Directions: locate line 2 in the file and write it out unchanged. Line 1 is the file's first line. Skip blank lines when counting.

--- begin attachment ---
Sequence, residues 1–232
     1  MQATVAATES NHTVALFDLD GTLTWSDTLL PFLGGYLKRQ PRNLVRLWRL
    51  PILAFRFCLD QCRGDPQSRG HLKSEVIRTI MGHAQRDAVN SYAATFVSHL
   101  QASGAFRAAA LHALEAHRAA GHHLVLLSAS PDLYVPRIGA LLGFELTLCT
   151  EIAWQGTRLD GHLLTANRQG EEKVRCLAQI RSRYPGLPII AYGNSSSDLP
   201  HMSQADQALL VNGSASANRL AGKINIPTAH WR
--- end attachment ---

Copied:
     1  MQATVAATES NHTVALFDLD GTLTWSDTLL PFLGGYLKRQ PRNLVRLWRL